For details about the original plan, click here to see the Hawkeye item in the Dec. 22 Bloomberg daily bankruptcy report.
Hawkeye, based in Ames, Iowa, owes $593 million on the first-lien credit and $168 million on the second-lien facility. Hawkeye had $720 million in debt at the end of 2008 and generated $584 million in revenue that year.
The plants are capable of producing 225 million gallons a year. Hawkeye is controlled by affiliates of Thomas H. Lee Partners LP.
The case is In re Hawkeye Renewables LLC, 09-14461, U.S. Bankruptcy Court, District of Delaware (Wilmington).
Twin River Racino Chapter 11 Plan Held up for Legislature
UTGR Inc., the operator of the Twin River racetrack-casino in Lincoln, Rhode Island, had scheduled a confirmation hearing this week for approval of a reorganization plan incorporating a settlement with unsecured creditors.
The bankruptcy judge was forced to put off the hearing until after the Rhode Island legislature passes legislation permitting the operational changes called for in the plan.
The compromise reached in January provides for unsecured creditors to recover 65 percent rather than the 5 percent originally offered. For an estimated 89 percent recovery, first- lien creditors owed $415 million are to take home all the new stock plus a $300 million secured note. The plan was negotiated in part before the Chapter 11 filing in June 2009.
Second-lien creditors, owed $145 million, are in line for half of sale proceeds between $475 million and $575 million if the facility is sold within three years. They will receive 75 percent of sale proceeds above $575 million.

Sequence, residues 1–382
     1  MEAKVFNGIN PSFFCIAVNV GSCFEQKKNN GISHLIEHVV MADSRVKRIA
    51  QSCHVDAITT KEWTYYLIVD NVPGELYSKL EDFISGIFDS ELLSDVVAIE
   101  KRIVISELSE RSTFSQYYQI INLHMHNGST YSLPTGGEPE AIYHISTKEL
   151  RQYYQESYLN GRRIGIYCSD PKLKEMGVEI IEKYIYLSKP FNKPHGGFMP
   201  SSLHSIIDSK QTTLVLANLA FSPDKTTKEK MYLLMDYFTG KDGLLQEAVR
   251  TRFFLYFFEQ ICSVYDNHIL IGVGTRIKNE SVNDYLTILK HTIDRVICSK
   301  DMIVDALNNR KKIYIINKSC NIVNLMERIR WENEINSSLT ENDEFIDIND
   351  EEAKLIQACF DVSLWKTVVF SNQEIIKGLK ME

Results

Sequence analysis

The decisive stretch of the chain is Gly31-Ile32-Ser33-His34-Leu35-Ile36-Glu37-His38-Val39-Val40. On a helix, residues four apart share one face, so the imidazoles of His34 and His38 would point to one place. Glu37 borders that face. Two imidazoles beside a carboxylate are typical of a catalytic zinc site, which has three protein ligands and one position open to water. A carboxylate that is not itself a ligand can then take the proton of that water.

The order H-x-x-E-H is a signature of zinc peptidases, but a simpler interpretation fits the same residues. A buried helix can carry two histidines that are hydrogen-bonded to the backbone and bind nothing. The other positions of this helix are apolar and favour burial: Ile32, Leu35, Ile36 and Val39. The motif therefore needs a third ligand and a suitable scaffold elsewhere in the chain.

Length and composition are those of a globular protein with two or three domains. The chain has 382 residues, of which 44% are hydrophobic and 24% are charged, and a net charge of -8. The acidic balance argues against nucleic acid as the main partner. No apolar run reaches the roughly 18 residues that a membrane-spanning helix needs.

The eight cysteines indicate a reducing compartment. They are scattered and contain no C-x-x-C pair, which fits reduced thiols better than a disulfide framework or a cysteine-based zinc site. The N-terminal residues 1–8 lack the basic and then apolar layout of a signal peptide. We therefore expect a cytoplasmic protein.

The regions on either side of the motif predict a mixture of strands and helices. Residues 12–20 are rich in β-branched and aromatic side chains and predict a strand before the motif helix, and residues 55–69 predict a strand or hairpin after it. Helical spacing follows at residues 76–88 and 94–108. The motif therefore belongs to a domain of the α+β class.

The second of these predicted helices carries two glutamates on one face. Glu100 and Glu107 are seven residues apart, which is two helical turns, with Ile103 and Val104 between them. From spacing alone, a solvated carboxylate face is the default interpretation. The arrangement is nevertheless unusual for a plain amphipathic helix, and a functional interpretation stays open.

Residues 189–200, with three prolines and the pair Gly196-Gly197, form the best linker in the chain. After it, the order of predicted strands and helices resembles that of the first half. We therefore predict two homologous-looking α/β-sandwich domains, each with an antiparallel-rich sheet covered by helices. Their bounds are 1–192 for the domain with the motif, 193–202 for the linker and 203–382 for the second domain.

The plan requires changing state law to permit gambling 24 hours a day, seven days a week. The legislature also must allow the termination of dog racing.
UTGR filed for reorganization in June 2009 after negotiating a restructuring agreement with half the first-lien debt and some second-lien debt holders.
The formal lists of creditors listed debt at $568 million for UTGR, with $564 million secured. Revenue in 2008 was $410 million. Most revenue comes from slot machines. The current owners acquired the operation in 2005 for $470 million and spent $220 million on improvements.
Twin River competes with casinos in Connecticut. It is owned by a joint venture among Kerzner International Ltd., Starwood Capital Group LLC, and Waterford Group LLC. The current owners gave up control under a provision in the pre-bankruptcy agreement.
The case is In re UTGR Inc. d/b/a Twin River, 09-12418, U.S. Bankruptcy Court, District of Rhode Island (Providence).
Cobalis Confirming Cramdown Plan on Y.A. Global
Cobalis Corp., developer of a patented vitamin B-12 supplement named PreHistin, is on the cusp of having a confirmed reorganization plan, according to a company statement.